The annual award pays tribute to one of the United States' most influential cooks. With a writing and television career that spanned decades, Child is credited with revolutionizing Americans' notion of fine food, starting with her now iconic 1961 cookbook, "Mastering the Art of French Cooking." She taught generations of Americans to enjoy food and embrace their mistakes in the kitchen.
But the group was in no rush to create an award, said Todd Shulkin, executive director of The Julia Child Foundation for Gastronomy and the Culinary Arts. They wanted to take the time needed to create something unique from other culinary awards. Food writers, chefs and television personalities, for example, already are honoured by annual awards given in tribute to Child's friend, James Beard.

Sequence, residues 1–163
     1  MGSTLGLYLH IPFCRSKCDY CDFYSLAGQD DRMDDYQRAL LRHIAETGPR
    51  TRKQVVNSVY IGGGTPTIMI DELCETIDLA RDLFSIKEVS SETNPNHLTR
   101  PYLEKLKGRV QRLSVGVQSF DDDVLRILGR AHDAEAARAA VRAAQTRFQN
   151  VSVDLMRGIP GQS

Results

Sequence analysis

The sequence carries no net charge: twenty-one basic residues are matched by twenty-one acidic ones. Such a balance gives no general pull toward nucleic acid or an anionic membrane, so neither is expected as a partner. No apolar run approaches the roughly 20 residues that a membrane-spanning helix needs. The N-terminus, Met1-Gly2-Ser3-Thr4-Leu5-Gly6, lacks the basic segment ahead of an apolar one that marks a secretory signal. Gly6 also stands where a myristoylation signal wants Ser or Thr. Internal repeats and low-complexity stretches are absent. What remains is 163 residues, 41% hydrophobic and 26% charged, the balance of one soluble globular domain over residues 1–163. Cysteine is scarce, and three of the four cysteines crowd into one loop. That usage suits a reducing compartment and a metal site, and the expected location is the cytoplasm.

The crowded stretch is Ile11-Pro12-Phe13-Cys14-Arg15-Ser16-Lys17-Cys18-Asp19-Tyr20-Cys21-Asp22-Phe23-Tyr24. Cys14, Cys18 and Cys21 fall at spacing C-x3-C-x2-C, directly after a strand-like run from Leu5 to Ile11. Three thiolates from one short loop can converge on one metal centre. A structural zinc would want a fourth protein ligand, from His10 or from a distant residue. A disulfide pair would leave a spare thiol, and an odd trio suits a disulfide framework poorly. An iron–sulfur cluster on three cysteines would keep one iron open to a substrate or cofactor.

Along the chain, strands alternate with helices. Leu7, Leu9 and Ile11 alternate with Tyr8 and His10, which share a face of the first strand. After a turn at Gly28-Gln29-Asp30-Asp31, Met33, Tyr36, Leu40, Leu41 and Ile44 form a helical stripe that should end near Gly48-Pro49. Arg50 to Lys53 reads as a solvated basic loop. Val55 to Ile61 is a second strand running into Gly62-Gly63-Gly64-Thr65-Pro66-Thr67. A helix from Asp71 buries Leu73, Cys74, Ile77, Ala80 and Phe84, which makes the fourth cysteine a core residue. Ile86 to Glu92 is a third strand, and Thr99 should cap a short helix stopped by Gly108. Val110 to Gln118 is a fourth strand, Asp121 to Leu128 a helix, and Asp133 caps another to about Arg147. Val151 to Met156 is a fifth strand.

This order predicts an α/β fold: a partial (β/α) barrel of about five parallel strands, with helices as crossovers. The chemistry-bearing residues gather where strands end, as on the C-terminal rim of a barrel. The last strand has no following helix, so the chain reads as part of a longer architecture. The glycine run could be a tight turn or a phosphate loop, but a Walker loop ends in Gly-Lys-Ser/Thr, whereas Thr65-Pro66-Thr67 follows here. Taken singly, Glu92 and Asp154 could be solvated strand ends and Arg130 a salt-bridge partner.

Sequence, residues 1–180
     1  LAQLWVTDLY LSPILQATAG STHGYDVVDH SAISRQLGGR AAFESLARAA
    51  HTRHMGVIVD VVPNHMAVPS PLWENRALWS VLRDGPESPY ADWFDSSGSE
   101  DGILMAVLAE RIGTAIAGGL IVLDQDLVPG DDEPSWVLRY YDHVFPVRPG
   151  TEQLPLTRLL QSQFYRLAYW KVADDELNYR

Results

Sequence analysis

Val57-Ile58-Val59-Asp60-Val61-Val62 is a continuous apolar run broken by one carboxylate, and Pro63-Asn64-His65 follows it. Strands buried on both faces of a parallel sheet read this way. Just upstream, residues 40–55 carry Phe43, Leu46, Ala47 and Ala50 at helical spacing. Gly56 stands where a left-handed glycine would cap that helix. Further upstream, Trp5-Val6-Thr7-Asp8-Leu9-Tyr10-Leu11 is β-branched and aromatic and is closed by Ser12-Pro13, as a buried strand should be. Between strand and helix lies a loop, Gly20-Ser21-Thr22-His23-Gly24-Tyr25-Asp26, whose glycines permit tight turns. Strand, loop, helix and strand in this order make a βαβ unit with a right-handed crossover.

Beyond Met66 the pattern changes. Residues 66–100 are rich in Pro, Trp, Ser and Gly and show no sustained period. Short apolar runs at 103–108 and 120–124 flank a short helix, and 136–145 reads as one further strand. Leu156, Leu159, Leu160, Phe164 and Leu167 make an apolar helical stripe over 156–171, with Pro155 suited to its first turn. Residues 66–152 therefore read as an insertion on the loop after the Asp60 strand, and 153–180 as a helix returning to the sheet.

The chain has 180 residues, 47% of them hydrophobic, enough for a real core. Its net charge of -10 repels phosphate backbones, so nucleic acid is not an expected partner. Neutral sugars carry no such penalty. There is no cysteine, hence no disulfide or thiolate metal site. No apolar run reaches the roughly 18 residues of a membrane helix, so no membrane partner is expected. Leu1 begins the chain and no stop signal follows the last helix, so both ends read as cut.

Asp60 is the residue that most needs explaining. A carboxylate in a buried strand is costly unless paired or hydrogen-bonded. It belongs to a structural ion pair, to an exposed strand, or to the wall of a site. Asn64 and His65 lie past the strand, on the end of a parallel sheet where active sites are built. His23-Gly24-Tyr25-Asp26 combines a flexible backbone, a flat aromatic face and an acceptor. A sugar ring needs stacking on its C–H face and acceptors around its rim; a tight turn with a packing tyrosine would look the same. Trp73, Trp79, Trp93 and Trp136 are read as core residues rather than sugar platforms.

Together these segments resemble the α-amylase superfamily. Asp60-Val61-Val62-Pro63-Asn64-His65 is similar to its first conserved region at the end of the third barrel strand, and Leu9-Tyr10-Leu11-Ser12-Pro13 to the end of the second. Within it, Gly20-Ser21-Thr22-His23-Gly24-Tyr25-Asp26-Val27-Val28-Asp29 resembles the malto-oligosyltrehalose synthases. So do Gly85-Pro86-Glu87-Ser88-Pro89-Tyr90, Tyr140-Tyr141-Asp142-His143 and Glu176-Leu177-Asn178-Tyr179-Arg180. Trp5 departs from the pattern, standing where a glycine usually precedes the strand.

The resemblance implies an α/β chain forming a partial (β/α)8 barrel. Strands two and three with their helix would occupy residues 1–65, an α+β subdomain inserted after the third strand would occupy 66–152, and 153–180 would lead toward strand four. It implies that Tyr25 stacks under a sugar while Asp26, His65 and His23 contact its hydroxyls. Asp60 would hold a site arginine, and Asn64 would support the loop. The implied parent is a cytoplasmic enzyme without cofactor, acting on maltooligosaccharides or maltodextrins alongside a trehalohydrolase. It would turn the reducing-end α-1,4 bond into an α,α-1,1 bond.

The Julia Child Award, which will be named annually, will be presented to someone who has improved how Americans think about food and cooking. The nominees and winner will be selected by a jury appointed by the foundation, with the winner receiving a $50,000 grant to give to a food-related non-profit.
"There's a list of about half a dozen characteristics they are looking for. It's looking at what Julia represented and why she was so successful, that combination of education and entertainment, passion and commitment to the subject," Shulkin said. "We're looking at trying to shine a spotlight on people who are prodding change, challenging what Americans are eating and drinking and encouraging them to cook for themselves."
The first winner will be announced in August and the award will be presented in October at the National Museum of American History in Washington, D.C.
J.M. Hirsch is the food editor for The Associated Press. He blogs at http://www.LunchBoxBlues.com and tweets at http://twitter.com/JM_Hirsch . Email him at firstname.lastname@example.org